Vitamin A is needed for growth and for strong bones and teeth. As you grow older, it helps keep your skin and eyes healthy. Vitamin A is in liver, fish liver oils, dairy products, dark green and yellow-orange vegetables, and in fruits.
It is rare to get too much vitamin A from foods, but taking supplements with dosages that are too high can cause long-term health problems. Too much vitamin A can be poisonous. It may cause symptoms that include headache, itchy skin, and hair loss.
Several vitamins are in the B group. They play a part in many of the processes that make the body work properly. They are needed for changing food to energy and keeping your blood, nerves, and skin healthy. Vitamins in the B group are in meats, dairy products, nuts, grains, leafy vegetables, and some fruits.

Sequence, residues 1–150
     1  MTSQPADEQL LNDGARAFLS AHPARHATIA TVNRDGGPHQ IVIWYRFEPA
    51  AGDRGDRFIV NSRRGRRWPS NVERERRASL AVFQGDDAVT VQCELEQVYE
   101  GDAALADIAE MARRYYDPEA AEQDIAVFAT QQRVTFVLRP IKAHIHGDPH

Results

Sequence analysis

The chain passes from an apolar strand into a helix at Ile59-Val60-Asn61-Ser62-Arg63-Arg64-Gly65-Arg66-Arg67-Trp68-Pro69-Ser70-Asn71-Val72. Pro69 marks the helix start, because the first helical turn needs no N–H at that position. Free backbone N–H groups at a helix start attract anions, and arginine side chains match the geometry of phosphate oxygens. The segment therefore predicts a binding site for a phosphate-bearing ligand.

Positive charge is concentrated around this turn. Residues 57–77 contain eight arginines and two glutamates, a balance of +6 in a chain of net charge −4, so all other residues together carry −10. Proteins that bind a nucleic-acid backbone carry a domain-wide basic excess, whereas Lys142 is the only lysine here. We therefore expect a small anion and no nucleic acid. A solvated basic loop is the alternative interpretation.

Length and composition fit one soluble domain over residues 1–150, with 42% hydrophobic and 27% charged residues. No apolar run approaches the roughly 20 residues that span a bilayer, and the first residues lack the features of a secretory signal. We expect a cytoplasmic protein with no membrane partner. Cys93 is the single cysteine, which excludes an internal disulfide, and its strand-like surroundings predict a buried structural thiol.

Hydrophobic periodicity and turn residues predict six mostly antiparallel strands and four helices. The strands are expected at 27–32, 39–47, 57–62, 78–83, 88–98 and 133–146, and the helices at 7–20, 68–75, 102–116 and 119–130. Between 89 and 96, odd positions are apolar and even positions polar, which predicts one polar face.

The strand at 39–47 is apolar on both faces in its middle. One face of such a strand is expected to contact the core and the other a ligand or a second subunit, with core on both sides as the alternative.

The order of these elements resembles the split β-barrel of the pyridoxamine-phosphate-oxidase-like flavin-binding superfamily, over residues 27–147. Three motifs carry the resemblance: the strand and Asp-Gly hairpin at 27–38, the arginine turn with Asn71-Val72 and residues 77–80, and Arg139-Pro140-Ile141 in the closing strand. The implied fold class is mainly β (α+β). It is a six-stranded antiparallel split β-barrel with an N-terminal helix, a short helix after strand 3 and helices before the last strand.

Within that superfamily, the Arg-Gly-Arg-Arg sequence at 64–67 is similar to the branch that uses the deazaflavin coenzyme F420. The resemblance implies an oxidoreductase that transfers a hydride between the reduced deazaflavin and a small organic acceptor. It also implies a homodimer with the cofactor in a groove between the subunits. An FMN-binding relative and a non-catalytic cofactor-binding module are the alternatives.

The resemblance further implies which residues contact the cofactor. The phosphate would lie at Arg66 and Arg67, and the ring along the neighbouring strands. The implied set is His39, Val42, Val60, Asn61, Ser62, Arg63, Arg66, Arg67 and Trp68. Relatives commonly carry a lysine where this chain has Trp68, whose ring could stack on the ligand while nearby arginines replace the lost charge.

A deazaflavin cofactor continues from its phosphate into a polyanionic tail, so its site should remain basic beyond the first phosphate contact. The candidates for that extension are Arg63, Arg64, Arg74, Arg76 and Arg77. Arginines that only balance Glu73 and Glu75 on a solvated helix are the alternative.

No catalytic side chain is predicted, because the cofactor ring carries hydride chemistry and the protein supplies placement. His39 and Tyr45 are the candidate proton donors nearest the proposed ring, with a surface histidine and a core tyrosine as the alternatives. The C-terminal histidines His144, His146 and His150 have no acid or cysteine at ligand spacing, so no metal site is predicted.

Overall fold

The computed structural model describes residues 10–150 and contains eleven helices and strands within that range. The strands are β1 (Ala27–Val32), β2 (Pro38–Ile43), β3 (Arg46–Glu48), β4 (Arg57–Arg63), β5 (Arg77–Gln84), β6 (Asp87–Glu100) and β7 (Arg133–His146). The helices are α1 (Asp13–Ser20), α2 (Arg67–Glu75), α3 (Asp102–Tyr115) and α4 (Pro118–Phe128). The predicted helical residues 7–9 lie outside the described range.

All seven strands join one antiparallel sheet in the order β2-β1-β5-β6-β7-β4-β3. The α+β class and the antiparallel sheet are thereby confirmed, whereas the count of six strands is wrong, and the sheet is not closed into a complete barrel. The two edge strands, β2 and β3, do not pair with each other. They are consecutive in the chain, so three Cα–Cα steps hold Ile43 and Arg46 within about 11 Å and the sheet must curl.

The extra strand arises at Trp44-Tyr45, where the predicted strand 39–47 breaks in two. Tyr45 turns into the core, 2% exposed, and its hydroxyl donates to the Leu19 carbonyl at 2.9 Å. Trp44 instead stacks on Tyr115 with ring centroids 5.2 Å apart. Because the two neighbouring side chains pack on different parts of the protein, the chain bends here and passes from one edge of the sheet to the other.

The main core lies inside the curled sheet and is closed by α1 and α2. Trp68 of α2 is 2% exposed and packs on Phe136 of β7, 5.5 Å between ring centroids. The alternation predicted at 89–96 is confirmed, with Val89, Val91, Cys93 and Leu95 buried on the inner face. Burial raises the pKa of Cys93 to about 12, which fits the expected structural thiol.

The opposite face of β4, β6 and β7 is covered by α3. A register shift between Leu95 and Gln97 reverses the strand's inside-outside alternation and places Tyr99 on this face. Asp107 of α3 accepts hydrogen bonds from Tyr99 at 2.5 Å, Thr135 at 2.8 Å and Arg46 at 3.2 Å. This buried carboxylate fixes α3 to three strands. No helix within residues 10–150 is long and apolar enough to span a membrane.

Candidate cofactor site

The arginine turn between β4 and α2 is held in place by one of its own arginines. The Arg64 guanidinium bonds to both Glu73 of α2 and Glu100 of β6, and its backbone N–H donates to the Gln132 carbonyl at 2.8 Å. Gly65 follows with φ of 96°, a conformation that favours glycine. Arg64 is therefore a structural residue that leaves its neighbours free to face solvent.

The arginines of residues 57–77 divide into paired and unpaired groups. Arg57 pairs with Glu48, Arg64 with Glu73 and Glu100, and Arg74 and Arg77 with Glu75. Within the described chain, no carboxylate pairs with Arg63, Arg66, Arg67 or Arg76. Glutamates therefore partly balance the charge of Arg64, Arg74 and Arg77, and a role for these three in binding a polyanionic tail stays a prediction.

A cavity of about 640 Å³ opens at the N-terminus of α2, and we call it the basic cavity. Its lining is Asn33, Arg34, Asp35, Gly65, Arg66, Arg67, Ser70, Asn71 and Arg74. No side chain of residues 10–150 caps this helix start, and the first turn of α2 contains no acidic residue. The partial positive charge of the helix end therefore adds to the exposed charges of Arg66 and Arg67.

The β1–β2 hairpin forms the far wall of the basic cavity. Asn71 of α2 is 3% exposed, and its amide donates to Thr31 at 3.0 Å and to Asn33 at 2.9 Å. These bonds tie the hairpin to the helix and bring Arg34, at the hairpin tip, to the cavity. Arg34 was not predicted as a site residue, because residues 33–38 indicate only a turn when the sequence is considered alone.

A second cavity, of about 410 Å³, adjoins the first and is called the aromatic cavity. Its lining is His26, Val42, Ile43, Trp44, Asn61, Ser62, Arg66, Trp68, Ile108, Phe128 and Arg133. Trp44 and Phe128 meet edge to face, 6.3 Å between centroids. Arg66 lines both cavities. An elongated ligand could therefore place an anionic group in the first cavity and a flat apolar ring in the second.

No poisonous effects have been found for most B vitamins. However, too much vitamin B6 can irritate the nerves.
Vitamin B12 is an important vitamin needed for building red blood cells, and for the health of your nervous system. If you are age 50 or older, if you have pernicious anemia, or if you are a vegetarian, you may not get enough vitamin B12 from the foods you eat. You may need to eat foods fortified with vitamin B12 or take a dietary supplement that contains vitamin B12.